The Octo is a second stage back up for a buddy that is out of air or if your own primary second stage ( the one you normally breathe from) is no longer functioning. Octos are generally ( not always) a cheaper reg, that may not have all the bells and whistles that a primary air source does. It's there for an emergency, so ease of breathing under load and tuning adjustments are minor. It gives you air when you're in a pinch, thats the important thing.
The scuba regulator is employed in an open-circuit scuba set. Said scuba equipment reduces high air pressure conveyed by the diving cylinder to the first stage and feeds breathable gas to the diver through the second stage's mouthpiece. Also called pressure regulator or demand regulator, the scuba equipment is one of the essentials to diving that determines breathing quality and inhalation effort during the dive. But given the different types of regulators and the pertinent design of its first and second stage components, how should a neophyte diver - or even a seasoned diver at that, choose a scuba regulator that incorporates user adjustment and delivers a venturi-assisted air flow in its features? Consider your diving purpose and frequency. Better yet, take note of the following criteria to guide you in your purchase:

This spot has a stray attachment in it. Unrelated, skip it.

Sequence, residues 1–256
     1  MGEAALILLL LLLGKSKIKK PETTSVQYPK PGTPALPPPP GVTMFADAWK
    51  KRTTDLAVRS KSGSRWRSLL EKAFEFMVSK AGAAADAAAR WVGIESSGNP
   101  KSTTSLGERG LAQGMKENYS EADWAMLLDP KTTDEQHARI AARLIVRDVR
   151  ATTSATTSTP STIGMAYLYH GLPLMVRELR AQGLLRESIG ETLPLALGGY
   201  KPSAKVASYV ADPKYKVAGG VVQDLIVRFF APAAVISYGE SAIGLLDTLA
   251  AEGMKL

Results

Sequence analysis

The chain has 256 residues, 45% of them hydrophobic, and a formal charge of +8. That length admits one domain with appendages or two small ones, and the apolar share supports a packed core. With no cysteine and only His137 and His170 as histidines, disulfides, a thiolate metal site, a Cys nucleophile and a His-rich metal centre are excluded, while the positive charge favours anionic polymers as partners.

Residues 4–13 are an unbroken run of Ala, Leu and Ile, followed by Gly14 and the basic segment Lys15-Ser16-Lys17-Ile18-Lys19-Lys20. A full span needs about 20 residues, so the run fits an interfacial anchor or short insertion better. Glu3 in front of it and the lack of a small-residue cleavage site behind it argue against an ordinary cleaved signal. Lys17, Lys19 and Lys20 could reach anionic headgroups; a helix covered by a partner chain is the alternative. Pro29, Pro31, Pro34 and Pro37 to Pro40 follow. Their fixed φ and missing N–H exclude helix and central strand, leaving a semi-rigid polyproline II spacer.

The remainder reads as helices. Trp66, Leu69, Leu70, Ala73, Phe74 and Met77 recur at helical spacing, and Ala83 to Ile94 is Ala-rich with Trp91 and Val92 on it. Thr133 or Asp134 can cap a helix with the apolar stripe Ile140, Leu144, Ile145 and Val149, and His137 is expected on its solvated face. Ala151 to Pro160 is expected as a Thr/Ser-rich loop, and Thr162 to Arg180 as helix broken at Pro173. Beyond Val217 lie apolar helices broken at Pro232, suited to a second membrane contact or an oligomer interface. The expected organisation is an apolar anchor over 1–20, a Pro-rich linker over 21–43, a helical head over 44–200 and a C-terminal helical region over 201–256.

1. The Scuba Regulator's Mouthpiece. Check the specifications if the regulator is outfitted with a patented orthodontic mouthpiece. This implies that it is ergonomically-designed to accommodate an overbite or underbite by the human mouth. An ergonomic mouthpiece helps reduce fatigue in the mouth and jaw area, particularly in the cruise of lower depths and extended dives.
2. User Adjustment Settings. There are optimally-designed scuba regulators that are outfitted with adjustment levers to therefore allow divers to finetune valve settings in order to provide the least possible inhalation effort throughout the dive. One notable scuba equipment is the Aeris AT 400 Pro Regulator that is equipped with an adjustable second stage.